The U.S. Department of Agriculture (USDA) increased the annual SNAP cost of living adjustment for 2023, but the minimum monthly program benefit remained almost steady over last year, at $23 for most one- or two-person households, as reported by the National Council on Aging (NCOA) on January 25, 2023. The new amount ranges from $28 to $44 in Alaska and from $33 to $43 in Hawaii. Due to the ongoing impacts of inflation on food prices, this modest increase may be challenging for low-income older adults who are already struggling to make ends meet.
The NCOA is pushing for changes in the way SNAP benefits are calculated due to flaws in the system. Until then, older adults living on a fixed income who receive minimum SNAP benefits may struggle to afford healthy food. However, even small improvements in diet and nutrition from using SNAP benefits can have positive health impacts.
Federal SNAP income limits are set each year by the government. In 2023, adults over 60 and/or living with a disability will be eligible for assistance if their household income is less than or equal to the federal poverty line and their assets amount to $4,250 or less, based on a report by the CBPP on March 3, 2023.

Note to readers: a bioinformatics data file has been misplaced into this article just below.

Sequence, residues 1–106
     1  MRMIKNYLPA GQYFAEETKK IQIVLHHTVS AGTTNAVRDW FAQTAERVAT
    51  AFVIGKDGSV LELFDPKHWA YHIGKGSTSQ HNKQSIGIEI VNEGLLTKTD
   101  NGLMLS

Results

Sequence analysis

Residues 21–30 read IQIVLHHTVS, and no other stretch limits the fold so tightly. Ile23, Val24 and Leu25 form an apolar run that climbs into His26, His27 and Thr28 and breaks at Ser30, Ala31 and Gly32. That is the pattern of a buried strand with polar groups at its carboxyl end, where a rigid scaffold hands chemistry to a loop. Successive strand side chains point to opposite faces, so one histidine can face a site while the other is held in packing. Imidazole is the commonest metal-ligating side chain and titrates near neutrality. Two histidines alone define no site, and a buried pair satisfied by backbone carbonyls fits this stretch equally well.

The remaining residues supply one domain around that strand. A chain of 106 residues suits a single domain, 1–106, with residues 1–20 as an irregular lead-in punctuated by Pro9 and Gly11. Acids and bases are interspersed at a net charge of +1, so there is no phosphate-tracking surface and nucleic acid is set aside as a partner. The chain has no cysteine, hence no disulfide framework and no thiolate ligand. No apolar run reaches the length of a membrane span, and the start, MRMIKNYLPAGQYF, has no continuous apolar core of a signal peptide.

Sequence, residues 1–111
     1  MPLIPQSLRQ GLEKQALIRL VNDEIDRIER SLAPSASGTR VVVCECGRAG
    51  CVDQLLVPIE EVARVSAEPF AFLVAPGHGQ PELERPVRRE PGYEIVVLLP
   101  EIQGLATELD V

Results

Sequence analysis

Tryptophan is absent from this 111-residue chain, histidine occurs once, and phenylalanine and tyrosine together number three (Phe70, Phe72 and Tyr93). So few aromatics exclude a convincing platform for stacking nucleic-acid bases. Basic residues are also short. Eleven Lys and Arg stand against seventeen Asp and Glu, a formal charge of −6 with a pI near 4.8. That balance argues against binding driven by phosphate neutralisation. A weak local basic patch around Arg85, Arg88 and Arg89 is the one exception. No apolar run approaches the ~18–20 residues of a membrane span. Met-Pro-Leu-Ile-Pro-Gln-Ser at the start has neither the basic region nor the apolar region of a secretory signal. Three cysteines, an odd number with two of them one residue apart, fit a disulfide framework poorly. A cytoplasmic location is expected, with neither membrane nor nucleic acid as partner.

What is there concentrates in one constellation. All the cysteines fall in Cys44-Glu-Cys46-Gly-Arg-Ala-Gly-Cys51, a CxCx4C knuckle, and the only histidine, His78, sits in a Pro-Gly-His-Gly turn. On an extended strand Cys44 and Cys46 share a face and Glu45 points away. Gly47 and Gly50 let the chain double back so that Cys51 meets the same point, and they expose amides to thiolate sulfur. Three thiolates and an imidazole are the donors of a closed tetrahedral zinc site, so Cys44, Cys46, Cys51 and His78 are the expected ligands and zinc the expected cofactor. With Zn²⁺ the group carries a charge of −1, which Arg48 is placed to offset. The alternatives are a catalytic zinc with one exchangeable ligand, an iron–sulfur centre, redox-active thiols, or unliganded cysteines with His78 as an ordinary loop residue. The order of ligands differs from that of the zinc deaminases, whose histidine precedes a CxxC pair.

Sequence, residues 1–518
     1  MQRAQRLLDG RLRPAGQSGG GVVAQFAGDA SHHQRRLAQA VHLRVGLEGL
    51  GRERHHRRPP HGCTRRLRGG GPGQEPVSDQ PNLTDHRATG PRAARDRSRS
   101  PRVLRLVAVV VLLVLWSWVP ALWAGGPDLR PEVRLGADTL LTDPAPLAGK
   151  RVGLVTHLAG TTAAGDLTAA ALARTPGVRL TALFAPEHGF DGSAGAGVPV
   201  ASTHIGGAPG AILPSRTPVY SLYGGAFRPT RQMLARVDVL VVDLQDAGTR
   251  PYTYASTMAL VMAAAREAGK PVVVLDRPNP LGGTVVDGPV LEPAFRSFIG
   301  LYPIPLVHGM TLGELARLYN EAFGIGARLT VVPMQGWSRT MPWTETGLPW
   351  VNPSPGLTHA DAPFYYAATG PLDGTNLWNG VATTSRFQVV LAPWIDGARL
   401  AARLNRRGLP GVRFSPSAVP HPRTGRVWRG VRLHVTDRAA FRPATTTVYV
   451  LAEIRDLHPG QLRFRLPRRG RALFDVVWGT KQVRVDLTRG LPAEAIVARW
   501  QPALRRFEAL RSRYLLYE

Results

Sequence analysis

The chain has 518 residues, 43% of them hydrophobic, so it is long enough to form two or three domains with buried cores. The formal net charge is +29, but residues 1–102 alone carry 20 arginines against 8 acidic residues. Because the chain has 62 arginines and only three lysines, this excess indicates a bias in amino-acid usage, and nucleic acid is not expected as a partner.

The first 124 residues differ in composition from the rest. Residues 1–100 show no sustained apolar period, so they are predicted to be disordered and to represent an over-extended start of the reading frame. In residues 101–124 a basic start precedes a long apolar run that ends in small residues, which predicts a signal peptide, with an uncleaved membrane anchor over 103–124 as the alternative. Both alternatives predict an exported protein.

To make the most of their minimum monthly SNAP benefits, people can use four baskets with different meal ideas and increase their fruit and vegetable variety. To stretch their budget, they can save unused benefits, buy generics, use coupons, and shop at discount stores, according to NCOA.
Using these strategies can help individuals maximize their $23 SNAP benefits to purchase more groceries. While it may not be enough, it can support their basic needs. The government needs to do better at supporting vulnerable older adults in the US.